O’Brien also had fond memories of working with Lionel Barrymore on Three Wise Fools (1946). Barrymore often napped on set, and O’Brien sometimes used that down time to play piano… except she didn’t really know how to play and just made a lot of noise. So, “one day I sat down at the piano, and he had the prop man tape it up!” she laughed. “He felt so bad about it that he made me these beautiful rag dolls after that.. and then he gave me a wonderful pin that had belonged in his family for generations, so he was one of my favorites to work with.”

 

On the topic of fellow actors, there was one star she didn’t work with but longed to meet: Vivien Leigh. While on a trip to London, MGM arranged for O'Brien to have tea backstage with Leigh when she and Laurence Olivier were appearing in Caesar and Cleopatra. “I couldn’t speak, I was just in awe, and I just said, ‘Oh, Miss Leigh, can I please have an autographed picture?” she remembered. “So Laurence Olivier came backstage too and peeked in the dressing room and he said, ‘Would you like my autograph too?’ and I said, ‘Oh no, I don’t want your autograph!’ So I missed out on Laurence Olivier’s.”

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O'Brien and her mother Gladys in the 1940s.

Remembering her mother

O’Brien fondly recalled life with her mother Gladys, a fun woman who believed in enjoying life, traveling, and seeing different cultures, which sometimes didn’t thrill the studio. Algiers (1938) was her mother’s favorite film, so one day she told her daughter: “‘We’re going to the Casbah, whether the studio likes it or not,’ and the studio said, ‘Oh, you can’t go there, it’s a bit dangerous.’” Guess who won? “My mother was very pretty and got away with a lot of things,” O’Brien chuckled. She also expressed gratitude that her mom wasn’t a typical stage mother; she looked out for her daughter and made sure she was protected and paid well.

 

 

On working in the film industry as a kid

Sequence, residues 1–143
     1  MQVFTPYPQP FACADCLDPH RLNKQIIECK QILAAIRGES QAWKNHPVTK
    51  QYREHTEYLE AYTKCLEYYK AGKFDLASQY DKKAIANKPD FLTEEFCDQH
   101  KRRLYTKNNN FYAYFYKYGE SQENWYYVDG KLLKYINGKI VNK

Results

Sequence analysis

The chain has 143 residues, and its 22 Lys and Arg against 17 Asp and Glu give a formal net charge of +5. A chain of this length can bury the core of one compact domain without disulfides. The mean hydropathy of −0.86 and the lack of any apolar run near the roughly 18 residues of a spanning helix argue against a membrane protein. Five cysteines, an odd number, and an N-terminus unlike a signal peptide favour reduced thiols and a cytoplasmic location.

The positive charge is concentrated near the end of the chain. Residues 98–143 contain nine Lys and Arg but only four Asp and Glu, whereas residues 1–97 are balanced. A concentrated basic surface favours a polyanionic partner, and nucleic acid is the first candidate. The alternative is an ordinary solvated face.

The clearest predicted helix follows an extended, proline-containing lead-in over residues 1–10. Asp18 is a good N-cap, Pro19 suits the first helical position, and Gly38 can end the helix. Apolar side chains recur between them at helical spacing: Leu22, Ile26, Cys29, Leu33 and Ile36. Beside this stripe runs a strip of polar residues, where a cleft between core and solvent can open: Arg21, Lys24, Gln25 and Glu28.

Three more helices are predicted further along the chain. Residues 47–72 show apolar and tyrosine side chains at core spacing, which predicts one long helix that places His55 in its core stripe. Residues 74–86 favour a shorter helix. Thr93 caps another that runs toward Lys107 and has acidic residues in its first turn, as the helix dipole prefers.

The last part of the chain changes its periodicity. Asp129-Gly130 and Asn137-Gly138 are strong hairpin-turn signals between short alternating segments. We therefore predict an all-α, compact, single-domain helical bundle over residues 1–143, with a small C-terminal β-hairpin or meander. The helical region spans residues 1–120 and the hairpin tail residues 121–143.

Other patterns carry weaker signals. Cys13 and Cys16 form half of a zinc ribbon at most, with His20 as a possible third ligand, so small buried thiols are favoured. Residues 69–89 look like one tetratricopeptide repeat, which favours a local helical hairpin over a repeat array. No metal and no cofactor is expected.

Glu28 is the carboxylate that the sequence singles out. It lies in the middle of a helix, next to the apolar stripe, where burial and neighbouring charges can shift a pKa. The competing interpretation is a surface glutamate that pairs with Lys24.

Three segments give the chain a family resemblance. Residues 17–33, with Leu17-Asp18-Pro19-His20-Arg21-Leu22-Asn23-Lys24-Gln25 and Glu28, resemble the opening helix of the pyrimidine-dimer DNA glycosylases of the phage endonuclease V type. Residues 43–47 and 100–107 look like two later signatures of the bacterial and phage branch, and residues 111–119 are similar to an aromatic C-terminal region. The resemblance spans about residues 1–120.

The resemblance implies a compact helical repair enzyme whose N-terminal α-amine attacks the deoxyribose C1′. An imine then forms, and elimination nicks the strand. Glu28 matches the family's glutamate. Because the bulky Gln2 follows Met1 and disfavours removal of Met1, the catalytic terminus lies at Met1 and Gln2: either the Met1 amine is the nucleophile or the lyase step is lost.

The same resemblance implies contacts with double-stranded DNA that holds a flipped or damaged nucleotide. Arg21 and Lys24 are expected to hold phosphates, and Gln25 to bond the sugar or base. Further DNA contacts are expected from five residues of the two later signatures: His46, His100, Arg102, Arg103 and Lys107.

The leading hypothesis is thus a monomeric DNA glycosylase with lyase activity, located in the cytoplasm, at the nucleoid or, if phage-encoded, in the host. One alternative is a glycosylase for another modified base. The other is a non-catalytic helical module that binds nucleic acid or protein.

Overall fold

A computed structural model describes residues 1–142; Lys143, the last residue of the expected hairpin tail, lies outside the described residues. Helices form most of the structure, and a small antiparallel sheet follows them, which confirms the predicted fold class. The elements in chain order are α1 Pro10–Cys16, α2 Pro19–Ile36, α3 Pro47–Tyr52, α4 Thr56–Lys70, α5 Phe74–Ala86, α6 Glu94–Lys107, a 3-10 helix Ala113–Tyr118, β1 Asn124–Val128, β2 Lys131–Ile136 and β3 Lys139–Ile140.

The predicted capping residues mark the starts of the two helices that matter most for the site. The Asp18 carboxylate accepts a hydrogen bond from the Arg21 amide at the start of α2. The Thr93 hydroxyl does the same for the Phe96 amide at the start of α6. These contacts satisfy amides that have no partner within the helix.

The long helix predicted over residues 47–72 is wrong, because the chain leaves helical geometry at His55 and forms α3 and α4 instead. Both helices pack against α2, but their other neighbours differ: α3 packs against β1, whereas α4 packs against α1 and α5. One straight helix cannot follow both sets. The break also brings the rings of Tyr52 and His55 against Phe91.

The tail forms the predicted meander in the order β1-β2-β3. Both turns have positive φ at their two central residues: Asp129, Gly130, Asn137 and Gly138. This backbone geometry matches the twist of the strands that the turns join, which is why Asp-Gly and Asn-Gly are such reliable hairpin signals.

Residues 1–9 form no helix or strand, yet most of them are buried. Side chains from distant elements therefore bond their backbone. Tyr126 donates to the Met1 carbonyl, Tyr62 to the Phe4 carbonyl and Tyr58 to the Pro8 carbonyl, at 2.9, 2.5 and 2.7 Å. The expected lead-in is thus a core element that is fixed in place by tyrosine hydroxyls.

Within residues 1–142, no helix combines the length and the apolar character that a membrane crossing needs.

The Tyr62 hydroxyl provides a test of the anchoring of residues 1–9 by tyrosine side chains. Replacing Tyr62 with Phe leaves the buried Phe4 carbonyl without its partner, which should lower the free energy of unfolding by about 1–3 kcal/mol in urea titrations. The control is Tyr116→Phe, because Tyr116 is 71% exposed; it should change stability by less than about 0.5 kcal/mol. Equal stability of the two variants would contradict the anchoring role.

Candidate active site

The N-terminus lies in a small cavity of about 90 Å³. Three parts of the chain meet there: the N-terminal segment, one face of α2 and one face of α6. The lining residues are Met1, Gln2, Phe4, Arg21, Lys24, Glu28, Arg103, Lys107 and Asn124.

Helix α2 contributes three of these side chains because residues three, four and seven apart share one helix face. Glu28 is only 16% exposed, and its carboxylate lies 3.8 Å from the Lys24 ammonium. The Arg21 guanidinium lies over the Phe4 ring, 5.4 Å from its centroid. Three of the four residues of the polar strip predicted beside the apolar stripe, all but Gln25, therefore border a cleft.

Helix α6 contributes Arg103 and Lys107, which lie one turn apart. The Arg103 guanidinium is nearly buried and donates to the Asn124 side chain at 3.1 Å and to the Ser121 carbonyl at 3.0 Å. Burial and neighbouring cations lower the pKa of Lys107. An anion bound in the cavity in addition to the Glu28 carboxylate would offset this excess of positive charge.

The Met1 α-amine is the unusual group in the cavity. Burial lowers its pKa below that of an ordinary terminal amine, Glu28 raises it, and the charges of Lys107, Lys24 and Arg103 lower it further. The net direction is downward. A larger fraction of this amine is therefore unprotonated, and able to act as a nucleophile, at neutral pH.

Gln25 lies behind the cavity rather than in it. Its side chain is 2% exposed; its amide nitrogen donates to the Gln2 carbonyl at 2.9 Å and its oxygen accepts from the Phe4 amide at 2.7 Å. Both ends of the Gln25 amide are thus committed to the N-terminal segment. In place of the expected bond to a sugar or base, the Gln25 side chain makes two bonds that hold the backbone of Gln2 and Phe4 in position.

“I think that movie children are a little bit different,” the actress started. “You have to know that you really want to do it. People count on you. It is a job.” She was well aware that everyone on set had their own jobs – and they needed them. “My mother said to me, ‘You can leave at any time, but if you’re going to be an actress and you’re going to be at the studio, you have to be disciplined, and there’s some things that you have to give up.” She was happy to do that, but she always had a life outside the studio, too.

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O'Brien with her Oscar in 1945.

Winning her special Oscar in 1945

O’Brien was thrilled when she heard the Academy was awarding her with a juvenile Oscar in 1945 for Meet Me in St. Louis and doubly happy that Bob Hope was giving it to her. “When he presented me with the Oscar, it was more like, ‘Oh, Mr. Hope, I love seeing you. You’re so wonderful, I love your movies. I didn’t say anything about the Oscar!’” she laughed.

 

Unfortunately, at one point her Oscar got lost and ended up at a swap meet, but the Academy helped retrieve and return it; they even hosted a small ceremony to re-present it to her. The Academy asked if she wanted a regular sized statue, but she said no – she wanted hers because the juvenile figures are so rare. After the award was returned to her, O’Brien appeared on an Oprah episode about lost treasures, and wouldn’t you know, Oprah accidentally dropped her Oscar! The statue survived the accident but it now has a small dent in its head. “So it’s been through a lot, but I love it,” O’Brien exclaimed. “The more dents the better!”

thanks for stopping by!

I See a Dark Theater is a website dedicated to classic movie-going—and loving—in the City of Angels. Whether it's coverage on screenings, special presentations, or Q&As around Los Angeles that you're looking for, or commentary on the wonderful and sometimes wacky world of classic cinema, you've come to the right place for a variety of pieces written with zeal, awe, and (occasionally) wit. Enjoy.